Luckily very few cells come equipped with the dialectical qualities needed to cause metastatic cancer. Yet few of us are untouched by cancer, if not ourselves, then our family, relatives, and friends. How, then, do cells acquire all the properties needed? The answer is that cancer cells evolve by natural selection. In the course of our lifetime, cells acquire hundreds of mutations, some of which may just happen to affect the oncogenes and tumour-suppressor genes that control the cell cycle. If a single cell is freed from the shackles that normally prohibit its proliferation, it proliferates. Soon it is not a single cell but a colony of cells, all of which are busily picking up new mutations. Many of these mutations are neutral, others are detrimental to the cells, but in time a few will cause a single cell to take the next step down the road to malignancy, then the next, and the next. Each time, the descendents proliferate: what had been a singular mutant becomes a heaving population, until this, too, is displaced by another single cell adapted to the next step. In the space of a few years, even a few months, the body becomes riddled with cancer. The cancer cells have no prospects—they are doomed to die as surely as we are. They simply do what they must, grow and change, a progression dictated by the inexorable blind logic of variation and selection.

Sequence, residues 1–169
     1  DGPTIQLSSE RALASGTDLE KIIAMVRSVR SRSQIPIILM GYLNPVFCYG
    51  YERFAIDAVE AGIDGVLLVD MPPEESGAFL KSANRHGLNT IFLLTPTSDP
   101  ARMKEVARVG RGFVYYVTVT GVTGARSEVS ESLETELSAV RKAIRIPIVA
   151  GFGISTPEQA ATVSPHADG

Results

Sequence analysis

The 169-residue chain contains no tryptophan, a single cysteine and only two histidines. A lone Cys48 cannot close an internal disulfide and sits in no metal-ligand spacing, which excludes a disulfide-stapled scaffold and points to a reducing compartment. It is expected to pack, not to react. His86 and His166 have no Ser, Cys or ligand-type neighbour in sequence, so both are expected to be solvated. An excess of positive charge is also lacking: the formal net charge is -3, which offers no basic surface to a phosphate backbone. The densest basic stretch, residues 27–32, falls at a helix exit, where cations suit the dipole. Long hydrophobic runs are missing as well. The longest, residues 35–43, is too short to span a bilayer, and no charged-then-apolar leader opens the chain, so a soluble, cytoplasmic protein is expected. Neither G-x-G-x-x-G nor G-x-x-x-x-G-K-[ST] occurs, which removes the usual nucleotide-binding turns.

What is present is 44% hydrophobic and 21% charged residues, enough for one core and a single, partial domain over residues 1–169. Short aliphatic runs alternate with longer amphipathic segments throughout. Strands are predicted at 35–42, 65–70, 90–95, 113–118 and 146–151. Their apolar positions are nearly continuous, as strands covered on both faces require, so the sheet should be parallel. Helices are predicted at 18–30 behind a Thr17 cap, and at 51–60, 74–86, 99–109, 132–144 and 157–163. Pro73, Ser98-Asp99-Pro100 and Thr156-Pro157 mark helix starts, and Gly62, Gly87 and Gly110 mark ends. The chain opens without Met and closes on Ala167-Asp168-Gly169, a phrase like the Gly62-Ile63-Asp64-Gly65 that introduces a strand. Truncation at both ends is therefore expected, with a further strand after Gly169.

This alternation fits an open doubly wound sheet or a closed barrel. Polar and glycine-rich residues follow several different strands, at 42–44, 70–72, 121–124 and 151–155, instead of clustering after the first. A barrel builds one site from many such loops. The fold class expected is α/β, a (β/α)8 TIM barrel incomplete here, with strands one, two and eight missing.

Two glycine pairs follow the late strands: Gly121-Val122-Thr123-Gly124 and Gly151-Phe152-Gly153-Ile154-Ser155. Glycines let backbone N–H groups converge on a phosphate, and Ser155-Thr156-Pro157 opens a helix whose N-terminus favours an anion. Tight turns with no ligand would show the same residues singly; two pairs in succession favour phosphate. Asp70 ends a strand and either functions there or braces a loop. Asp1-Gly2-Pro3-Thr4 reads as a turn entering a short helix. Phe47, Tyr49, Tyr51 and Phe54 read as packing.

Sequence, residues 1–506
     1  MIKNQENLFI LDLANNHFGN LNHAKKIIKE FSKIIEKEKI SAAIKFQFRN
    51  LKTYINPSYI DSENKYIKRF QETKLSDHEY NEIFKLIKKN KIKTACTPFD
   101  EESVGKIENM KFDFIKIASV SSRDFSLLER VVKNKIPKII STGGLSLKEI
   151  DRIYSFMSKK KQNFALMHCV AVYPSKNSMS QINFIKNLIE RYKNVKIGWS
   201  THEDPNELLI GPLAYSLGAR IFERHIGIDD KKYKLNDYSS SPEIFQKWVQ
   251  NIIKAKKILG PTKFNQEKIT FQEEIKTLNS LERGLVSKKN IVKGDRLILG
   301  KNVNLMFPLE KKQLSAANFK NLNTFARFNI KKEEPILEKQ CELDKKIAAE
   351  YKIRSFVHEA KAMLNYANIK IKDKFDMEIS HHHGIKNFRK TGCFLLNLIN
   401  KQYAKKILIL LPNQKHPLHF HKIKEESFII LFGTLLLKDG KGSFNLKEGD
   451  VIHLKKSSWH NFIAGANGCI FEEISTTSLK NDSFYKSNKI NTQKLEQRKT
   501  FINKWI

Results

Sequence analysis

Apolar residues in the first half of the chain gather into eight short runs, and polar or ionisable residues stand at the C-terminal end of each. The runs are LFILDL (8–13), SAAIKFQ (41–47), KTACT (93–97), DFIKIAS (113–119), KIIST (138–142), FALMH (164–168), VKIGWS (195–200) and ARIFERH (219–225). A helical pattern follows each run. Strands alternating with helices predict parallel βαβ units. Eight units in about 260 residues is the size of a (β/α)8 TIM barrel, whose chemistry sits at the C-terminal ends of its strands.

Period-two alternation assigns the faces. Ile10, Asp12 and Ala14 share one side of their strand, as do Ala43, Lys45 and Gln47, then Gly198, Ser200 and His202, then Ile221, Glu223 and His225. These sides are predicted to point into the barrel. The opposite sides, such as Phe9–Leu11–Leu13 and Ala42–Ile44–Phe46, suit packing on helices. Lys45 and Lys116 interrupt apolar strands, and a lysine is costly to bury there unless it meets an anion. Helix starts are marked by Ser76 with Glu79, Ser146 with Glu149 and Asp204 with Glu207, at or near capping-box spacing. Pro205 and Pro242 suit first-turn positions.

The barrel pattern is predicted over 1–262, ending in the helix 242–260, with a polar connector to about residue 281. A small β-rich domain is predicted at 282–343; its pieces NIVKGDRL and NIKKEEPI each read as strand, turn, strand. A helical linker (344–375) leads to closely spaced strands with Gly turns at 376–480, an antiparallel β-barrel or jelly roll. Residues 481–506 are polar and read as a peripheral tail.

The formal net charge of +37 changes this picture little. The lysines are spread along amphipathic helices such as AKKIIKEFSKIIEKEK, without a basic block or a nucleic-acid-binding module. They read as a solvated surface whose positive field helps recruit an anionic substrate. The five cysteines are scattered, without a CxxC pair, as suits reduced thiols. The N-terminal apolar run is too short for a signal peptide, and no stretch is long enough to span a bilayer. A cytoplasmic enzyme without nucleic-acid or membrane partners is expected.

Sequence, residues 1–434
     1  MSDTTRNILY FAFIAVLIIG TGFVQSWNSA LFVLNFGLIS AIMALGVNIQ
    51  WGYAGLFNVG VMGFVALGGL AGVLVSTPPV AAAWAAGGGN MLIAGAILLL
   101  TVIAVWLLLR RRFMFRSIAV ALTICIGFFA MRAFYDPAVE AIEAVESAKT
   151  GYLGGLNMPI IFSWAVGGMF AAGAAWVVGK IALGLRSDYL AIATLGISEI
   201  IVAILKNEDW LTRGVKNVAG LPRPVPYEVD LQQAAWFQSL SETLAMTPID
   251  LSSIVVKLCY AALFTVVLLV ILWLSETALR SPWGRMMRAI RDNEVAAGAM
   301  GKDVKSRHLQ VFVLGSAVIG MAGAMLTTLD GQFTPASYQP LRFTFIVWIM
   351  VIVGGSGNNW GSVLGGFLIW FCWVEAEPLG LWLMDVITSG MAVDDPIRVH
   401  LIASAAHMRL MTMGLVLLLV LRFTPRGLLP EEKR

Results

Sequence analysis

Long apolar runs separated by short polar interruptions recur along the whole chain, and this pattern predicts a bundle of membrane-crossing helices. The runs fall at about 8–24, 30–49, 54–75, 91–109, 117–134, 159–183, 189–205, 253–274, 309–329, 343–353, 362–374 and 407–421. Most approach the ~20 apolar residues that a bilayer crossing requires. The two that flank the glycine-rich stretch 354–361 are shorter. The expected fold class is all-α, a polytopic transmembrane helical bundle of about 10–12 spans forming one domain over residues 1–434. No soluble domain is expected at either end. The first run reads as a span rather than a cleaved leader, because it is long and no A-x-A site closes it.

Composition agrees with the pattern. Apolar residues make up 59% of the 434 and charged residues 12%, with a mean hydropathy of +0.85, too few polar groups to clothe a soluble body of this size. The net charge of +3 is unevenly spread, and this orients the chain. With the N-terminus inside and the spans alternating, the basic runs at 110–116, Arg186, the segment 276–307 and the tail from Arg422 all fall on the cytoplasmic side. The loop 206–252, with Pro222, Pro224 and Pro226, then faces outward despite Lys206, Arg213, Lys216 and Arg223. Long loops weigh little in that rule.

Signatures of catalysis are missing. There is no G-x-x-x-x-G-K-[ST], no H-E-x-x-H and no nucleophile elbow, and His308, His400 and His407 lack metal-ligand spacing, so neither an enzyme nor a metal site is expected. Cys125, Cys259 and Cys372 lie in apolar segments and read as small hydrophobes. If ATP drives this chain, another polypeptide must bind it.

What is the unit of selection in cancer, the gene or the cell? As we saw with bacteria, it makes more sense to think of the cells themselves as the selfish unit. The cells do not replicate by sex, but in the manner of bacteria, by asexual replication. The genes may change faster than the phenotype of the cell, which at least for a period retains many aspects of its provenance, including its appearance down the microscope. Even metastatic cancers betray their origins: if we scrutinize a tumour in the lung, it is usually possible to tell whether it is a 'primary' tumour, derived from the lung cells, or a 'secondary' tumour, a metastatic outpost of cells from a distant tissue such as the breast. We know because they still retain some atavistic traits of 'breast' cells, such as hormone production. At the same time, cancer cells are notorious for their genetic instability: chromosomes are lost, or broken, or cobbled together in wild rearrangements. So while the cells retain a semblance of their former appearance, their genes are scrambled out of recognition by mutations and rearrangements. If there is a 'selfish' evolutionary unit, surely it is the cell, which leaps all hurdles in its way until finally killing its master, a course as heavily laden with fate as that of Macbeth.